Director of S'pore firm accused of trading gas oil with North Korean ship jailed for obstructing justice

Japan reported that a ship chartered by Manfred Low Cheng Jing's firm carried out a transfer with a North Korean vessel. PHOTO: MINISTRY OF FOREIGN AFFAIRS OF JAPAN

SINGAPORE - A company director threw away his iMac computer and his mobile phone to hide evidence after media reports that a ship chartered by his firm had provided gas oil to a North Korean ship at sea.

On Tuesday (June 7), Manfred Low Cheng Jing, 31, was jailed for 15 weeks for one count of obstructing justice. Another similar charge was taken into consideration for his sentencing.

Low was a director of Yuk Tung Energy (YTE), a Singapore company involved in oil trading and bunkering.

The vessel that it chartered, MT Yuk Tung, made headlines after the Japanese Ministry of Foreign Affairs issued a statement on the suspected illegal ship-to-ship transfer of gas oil between the vessel and Rye Song Gang 1, a North Korea-flagged vessel, in the East China Sea on Jan 20, 2018.

Under United Nations regulations, ship-to-ship transfers of all refined petroleum products to or from North Korea-flagged vessels are prohibited.

On Jan 26, 2018, the Commercial Affairs Department (CAD) here received information of YTE's suspected involvement in the case.

A director and shareholder of YTE, Benito Aloria Yap, removed physical documents related to YTE by placing them in cardboard boxes in a car.

Yap is currently at large.

He instructed staff to remove items from the office, including Low's iMac computer, which contained information on the company's operations.

On Feb 2, 2018, the CAD raided YTE's office and did not find Low's computer.

The next day, Low and other officers of YTE met Yap in Johor Bahru to discuss how to respond to the media reports.

Between January and February that year, Low threw his computer into an unknown dumpster. He knew that the computer contained information on YTE that would be relevant to investigations.

"(Low admitted he) was afraid that the police would find potentially incriminating evidence in the iMac computer because he knew that YTE's business operations were shady," said deputy public prosecutors Ben Mathias Tan, Regina Lim, Koh Mun Keong and Samuel Chew.

The CAD managed to obtain some information and documents on YTE's business operations, including spreadsheets on its oil sales. But the disposal of the computer hampered investigations and the CAD was unable to retrieve other information.

Low initially lied that his phone and laptop were destroyed after a car ran over his bag but later admitted that he had disposed of his mobile phone.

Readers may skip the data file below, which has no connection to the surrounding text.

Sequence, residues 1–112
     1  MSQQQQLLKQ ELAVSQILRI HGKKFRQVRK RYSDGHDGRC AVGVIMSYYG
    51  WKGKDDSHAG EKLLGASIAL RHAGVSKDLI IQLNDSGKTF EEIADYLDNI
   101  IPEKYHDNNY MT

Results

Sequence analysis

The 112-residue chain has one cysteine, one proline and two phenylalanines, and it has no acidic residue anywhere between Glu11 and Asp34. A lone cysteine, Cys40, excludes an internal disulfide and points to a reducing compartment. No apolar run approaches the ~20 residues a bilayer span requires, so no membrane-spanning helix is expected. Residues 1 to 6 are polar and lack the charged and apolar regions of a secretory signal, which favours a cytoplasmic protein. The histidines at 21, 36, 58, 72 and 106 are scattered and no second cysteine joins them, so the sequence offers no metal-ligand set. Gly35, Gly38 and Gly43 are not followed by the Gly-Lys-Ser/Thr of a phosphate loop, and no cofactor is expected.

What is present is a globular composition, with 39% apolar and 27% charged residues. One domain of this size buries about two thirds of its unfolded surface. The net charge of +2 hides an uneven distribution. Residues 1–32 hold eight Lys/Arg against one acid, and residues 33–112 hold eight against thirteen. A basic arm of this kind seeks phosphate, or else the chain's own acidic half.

On Feb 13, 2018, the Singapore Government received a request from the UN Panel of Experts for information, including why there was a ship-to-ship transfer at sea, the type and amount of petroleum product transferred, and copies of the invoices, remittances and bank account details for the transaction.

The prosecutors told the court that Singapore's Ministry of Foreign Affairs (MFA) provided a statement noting that Low's offence of disposing of his iMac and phone had frustrated the authorities' ability to complete investigations into the potential violation of the longstanding sanctions against North Korea.

MFA said the offence subjected Singapore to international criticism and raised questions internationally about its commitment to legal obligations.

The ministry added that it also impacted how other Singapore companies are perceived in the global market since YTE was placed on the UN Sanctions List.

The prosecutors noted that at the time, North Korea was conducting an increasing number of missile and nuclear tests, and that Singapore had joined the international community's efforts to curb its growing nuclear activities by implementing the UN regulations.

Low’s lawyer, Ms Diana Ngiam, told the court that her client did not know that Yap had instructed staff members to remove his iMac computer from the office, and he found out only when they brought it to his home.

She added that while Low knew YTE’s business operations were “shady”, he was not aware they involved breaches of the UN’s North Korea regulations.

Noting that Low’s disposal of the iMac was not premeditated, Ms Ngiam said: “Our client panicked and reacted in the moment impulsively.”

For obstructing the course of justice, Low could have been jailed for seven years, fined, or both.

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